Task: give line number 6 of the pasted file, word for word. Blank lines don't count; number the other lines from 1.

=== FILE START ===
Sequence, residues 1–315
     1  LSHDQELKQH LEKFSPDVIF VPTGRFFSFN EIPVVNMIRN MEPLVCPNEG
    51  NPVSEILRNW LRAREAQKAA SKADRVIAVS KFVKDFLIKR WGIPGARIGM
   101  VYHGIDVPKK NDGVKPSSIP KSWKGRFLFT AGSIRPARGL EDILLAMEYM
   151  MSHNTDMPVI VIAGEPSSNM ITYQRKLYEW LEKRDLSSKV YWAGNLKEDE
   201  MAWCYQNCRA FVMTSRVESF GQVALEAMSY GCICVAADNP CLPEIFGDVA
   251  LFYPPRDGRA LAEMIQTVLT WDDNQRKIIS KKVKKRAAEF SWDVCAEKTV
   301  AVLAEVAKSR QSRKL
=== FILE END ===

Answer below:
   201  MAWCYQNCRA FVMTSRVESF GQVALEAMSY GCICVAADNP CLPEIFGDVA